You are cordially invited to attend our Computer Graphics and Visualization Seminar on Thursday, February 21, 2019, 15:45-17:45h, at EWI-Lecture hall Chip.
The program features the following two speakers:
Title: Visualizing Stars and Emission Nebulae
Abstract: We describe the star and nebula visualization techniques used to create a 3D volumetric visualization of the Orion Nebula. The nebula’s ionization layer is modeled first as a surface model, derived from infrared and visible light observations. The model is imported into a volume scene graph-based volume visualization system to simulate the nebula’s emissive gases. Stars are rendered using Gaussian spots that are attenuated with distance.
Mark van de Ruit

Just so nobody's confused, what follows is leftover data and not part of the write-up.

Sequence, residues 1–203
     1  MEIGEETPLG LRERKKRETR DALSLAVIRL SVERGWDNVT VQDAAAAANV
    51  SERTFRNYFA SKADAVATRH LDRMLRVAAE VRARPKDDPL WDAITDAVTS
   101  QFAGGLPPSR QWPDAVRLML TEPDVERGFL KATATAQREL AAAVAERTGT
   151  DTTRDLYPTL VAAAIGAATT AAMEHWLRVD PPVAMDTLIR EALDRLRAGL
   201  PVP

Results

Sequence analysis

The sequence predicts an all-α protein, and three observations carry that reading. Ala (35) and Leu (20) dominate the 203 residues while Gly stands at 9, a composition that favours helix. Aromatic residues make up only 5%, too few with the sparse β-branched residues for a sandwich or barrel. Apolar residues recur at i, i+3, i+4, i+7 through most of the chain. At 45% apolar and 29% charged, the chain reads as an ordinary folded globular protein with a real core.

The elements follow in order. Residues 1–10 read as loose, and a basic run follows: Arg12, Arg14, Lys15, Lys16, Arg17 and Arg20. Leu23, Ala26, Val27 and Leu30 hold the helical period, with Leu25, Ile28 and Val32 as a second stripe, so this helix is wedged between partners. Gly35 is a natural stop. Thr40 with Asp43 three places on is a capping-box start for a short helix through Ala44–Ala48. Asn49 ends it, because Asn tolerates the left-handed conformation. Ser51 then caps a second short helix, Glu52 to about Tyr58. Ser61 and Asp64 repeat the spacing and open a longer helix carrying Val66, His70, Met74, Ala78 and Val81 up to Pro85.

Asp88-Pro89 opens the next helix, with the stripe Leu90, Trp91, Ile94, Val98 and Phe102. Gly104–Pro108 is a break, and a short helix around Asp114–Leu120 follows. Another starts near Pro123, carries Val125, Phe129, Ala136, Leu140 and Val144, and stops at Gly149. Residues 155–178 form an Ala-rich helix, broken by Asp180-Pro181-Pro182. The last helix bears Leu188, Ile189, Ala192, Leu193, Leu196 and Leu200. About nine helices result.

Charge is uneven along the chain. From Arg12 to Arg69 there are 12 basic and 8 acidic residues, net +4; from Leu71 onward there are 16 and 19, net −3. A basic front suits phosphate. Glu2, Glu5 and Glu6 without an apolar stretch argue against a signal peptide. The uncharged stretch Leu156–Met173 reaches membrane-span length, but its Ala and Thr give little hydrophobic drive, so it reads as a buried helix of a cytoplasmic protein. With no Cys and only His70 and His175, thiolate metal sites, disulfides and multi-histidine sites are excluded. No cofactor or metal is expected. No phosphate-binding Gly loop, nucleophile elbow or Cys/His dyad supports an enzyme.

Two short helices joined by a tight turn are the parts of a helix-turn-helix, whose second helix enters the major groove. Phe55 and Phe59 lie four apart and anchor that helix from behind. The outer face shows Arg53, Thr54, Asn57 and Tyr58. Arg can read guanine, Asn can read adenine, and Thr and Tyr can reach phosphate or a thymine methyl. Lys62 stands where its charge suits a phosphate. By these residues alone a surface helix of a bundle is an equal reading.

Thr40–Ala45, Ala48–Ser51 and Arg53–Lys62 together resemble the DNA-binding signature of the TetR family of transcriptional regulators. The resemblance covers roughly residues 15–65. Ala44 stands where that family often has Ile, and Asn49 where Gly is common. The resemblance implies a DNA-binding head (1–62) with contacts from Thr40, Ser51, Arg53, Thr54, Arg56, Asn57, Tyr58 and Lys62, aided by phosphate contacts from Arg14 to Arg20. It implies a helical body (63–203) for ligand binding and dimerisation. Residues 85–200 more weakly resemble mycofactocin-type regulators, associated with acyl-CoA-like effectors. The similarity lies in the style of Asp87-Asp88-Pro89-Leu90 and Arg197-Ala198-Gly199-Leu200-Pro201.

Title: Real-Time Polygonal-Light Shading with Linearly Transformed Cosines
Abstract: In this paper, we show that applying a linear transformation—represented by a 3 x 3 matrix—to the direction vectors of a spherical distribution yields another spherical distribution, for which we derive a closed-form expression. With this idea, we can use any spherical distribution as a base shape to create a new family of spherical distributions with parametric roughness, elliptic anisotropy and skewness. If the original distribution has an analytic expression, normalization, integration over spherical polygons, and importance sampling, then these properties are inherited by the linearly transformed distributions.
By choosing a clamped cosine for the original distribution we obtain a family of distributions, which we call Linearly Transformed Cosines (LTCs), that provide a good approximation to physically based BRDFs and that can be analytically integrated over arbitrary spherical polygons. We show how to use these properties in a realtime polygonal-light shading application. Our technique is robust, fast, accurate and simple to implement.